For each condition, duplicated samples (n = 3) were tested. Positive control samples (without filtration) spiked with PPCPs at the same concentration (n = 3) and blank samples (without the addition of target PPCPs) were also prepared in duplicate (n = 2). The measured concentrations in the positive blanks were used to correct the losses (e.g., sorption to container walls) before filtration[30-32], and blank samples were used to monitor the potential contamination during the experiments.

    Sample preparation and analysis

    Samples were spiked with a 50 μL internal standard (IS) mixture (1000 μg/mL of each individual IS, [Supplementary Table 2], vortexed for 1 min, and then analyzed using ultra-performance liquid chromatography (UPLC) system coupled to a triple quadrupole mass spectrometer (MS/MS) (Shimadzu, LCMS-8050, Japan), as described in[29]. A Shim-pack GIST-HP (G) C18 column (2.1 × 10 mm, 2 μm particle size) was connected with the analytical column (Shim-pack GIST C18 column, 2.1 × 100 mm, 2 μm particle size) to delay background peaks caused by solvent contamination and prevent interferences. All other instrumental parameters can be found in Supplementary Table 3.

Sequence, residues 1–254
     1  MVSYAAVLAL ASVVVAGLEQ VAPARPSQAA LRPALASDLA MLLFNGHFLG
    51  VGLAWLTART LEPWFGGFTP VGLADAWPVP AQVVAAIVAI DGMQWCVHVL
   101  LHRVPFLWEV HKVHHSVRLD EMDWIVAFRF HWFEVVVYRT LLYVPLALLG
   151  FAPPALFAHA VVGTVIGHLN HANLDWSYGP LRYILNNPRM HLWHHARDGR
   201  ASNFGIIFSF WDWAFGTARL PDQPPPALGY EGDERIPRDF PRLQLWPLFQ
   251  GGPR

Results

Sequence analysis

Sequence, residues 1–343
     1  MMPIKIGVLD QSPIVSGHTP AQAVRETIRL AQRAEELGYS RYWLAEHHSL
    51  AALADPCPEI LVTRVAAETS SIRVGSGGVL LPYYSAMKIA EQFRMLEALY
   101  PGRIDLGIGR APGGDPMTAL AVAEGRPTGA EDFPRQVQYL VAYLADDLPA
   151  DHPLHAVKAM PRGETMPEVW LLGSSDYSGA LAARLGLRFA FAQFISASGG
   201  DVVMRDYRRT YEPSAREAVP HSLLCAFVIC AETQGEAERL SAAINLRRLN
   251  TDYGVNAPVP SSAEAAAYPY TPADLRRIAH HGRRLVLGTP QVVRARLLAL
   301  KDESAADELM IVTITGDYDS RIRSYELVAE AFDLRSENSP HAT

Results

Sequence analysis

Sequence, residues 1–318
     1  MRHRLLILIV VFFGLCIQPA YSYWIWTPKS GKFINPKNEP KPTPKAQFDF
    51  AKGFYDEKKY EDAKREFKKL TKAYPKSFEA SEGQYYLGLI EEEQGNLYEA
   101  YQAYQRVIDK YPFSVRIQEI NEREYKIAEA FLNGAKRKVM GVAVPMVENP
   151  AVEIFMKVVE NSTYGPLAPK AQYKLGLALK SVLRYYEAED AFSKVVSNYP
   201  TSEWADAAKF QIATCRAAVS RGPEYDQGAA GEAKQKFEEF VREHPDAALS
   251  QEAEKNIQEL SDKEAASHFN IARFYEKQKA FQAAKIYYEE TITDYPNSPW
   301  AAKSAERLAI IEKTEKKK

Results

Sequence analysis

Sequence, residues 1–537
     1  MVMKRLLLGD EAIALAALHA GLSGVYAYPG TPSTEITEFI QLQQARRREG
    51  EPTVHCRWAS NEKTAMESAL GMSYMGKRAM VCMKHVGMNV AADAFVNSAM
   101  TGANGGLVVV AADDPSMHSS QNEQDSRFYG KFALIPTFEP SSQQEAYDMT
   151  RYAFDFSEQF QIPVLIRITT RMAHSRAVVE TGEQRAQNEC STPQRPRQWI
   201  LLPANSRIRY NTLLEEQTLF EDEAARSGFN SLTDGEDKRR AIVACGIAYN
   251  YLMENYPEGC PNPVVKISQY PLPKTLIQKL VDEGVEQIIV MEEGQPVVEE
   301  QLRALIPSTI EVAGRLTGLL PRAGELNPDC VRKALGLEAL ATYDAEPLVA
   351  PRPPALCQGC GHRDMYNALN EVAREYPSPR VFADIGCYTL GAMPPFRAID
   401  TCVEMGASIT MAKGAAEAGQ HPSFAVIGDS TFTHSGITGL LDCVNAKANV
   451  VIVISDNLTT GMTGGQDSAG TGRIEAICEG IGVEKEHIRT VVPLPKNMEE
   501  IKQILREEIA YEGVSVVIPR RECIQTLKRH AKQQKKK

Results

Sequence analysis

Calculation of mass losses for PPCPs

    Losses of individual PPCPs by syringe filters were calculated by comparing PPCP concentration obtained after filtration (Ci) with PPCP concentration without filtration (Ci, positive control) after subtracting the blank concentration (Ci, negative blank), as shown in Equation (1).

    A mass loss larger than 20% was defined as considerable and therefore unacceptable for quantitative investigations[33]. The mass losses mentioned in this paper are median values.

    Quality assurance and quality control

    Quantification was based on linear regression calibration curves using an internal standard method. Calibration curves were constructed by plotting the concentrations of each analyte versus the ratios between the analyte peak area and the corresponding IS peak area using linear regression analysis[34]. The linearity and range of standard calibration curves (R2 = 0.995-0.999), the limit of detection, and the limit of quantity [Supplementary Table 4] were evaluated. In addition, statistical analysis was performed using the correlation analysis software (IBM SPSS Statistics 23, nonparametric tests, Mann-Whitney U-test).

    RESULTS AND DISCUSSION

    Impact of filter material